Downtown Community Plan Update (DTLA 2040) | Los Angeles Conservancy
Downtown Los Angeles. Photo by Adrian Scott Fine/L.A. Conservancy

Downtown Community Plan Update (DTLA 2040)

UPDATE: On June 17 the City Planning Commission (agenda) met to review the Downtown Community Plan (DTLA 2040). More than 80 people commented and/or shared comments. 

On August 26 the Commission will reconvene to continue this discussion and consider various comments and proposals regarding amendments to the plan. Save the date and it is not too late to submit comments (send to cpc@lacity.org) on the plan!  

The Conservancy shared the following public comments:

We support the Community Benefits equity program, legacy business support, the Arts District TDR, and the adaptive reuse streamlining. The form districts, height standards, and base/bonus systems that have been carefully calibrated for Chinatown and Little Tokyo are critical to maintain in this plan, to allow for more affordable housing, flexibility, and acknowledging the value of cultural assets. The same needs to be afforded to the Historic Core historic districts. Until recently this plan had very generous story height limitations in place; these need to be reinstated. Otherwise we are leaving these areas extremely vulnerable as increased hi-rise development pressures will most certainly lead to greater demolition and the erosion of a significant community asset. The preservation components will help but do not go far enough without some reasonable height limitations in place for the Historic Core.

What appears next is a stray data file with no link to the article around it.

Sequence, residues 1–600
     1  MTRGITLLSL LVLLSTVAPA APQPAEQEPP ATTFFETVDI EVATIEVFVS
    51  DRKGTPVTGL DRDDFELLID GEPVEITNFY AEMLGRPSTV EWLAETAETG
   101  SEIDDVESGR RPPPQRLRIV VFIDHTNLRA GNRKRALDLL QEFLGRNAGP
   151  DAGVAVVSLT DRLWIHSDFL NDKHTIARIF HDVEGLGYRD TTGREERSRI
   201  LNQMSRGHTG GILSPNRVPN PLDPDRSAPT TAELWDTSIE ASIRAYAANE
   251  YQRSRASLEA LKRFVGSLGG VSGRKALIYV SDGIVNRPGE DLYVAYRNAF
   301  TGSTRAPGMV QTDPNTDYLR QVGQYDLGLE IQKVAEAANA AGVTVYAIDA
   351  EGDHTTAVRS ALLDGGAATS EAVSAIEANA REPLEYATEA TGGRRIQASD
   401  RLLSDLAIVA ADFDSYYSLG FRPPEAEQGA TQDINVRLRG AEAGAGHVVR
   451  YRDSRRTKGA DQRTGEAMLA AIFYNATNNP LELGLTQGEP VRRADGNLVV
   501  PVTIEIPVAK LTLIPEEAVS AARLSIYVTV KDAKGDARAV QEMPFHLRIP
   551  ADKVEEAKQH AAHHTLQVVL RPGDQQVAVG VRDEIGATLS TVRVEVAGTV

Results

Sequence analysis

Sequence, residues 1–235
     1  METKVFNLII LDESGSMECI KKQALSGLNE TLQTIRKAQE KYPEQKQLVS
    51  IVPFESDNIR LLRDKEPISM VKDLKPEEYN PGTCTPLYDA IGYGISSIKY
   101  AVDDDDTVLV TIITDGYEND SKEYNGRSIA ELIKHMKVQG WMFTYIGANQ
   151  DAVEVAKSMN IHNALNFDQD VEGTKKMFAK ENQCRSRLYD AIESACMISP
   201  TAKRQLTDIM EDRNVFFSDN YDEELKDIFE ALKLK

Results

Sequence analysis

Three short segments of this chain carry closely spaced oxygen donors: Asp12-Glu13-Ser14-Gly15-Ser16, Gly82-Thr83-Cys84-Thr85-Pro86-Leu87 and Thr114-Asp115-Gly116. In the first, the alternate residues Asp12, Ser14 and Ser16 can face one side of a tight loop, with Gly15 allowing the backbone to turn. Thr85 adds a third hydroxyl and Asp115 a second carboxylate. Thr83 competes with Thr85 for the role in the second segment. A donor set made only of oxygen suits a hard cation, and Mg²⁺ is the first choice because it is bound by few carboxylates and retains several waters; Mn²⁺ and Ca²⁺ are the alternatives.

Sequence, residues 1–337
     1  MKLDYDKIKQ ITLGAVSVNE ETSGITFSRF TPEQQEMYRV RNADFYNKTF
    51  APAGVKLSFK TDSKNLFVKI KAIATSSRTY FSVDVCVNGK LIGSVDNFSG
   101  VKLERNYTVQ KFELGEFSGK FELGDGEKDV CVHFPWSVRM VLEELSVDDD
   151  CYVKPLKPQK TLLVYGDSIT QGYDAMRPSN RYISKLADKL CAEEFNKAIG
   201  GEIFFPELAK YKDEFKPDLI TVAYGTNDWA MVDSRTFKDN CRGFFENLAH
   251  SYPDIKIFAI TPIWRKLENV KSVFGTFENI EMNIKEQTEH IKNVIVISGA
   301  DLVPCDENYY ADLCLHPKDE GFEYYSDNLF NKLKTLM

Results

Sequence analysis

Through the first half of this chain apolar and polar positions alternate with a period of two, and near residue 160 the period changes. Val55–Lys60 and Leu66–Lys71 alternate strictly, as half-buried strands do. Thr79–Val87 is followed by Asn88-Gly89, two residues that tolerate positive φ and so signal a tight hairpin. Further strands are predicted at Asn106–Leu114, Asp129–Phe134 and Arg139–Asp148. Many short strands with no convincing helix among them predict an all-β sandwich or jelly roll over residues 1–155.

Councilmember Cedillo's office spoke against the base/bonus system proposed for Chinatown. Councilmember de León's office is opposed to the proposed Community Benefits Program and proposes it be replaced with a undefined inclusionary zoning program. The Conservancy is concerned about both of these council office positions, as each potentially undermines years of planning efforts and ultimately will put historic resources at risk in the future.  

The Conservancy has shared the following recommendations directed toward preservation, equity, affordable housing, and implementation purposes:

  1. SurveyLA findings should be included, expanded, and fully articulated in a revised DTLA 2040 Community Plan document, including a detailed analysis that discusses potential conflicts. We would like to see this prior to the plan’s introduction and review at the City Planning Commission.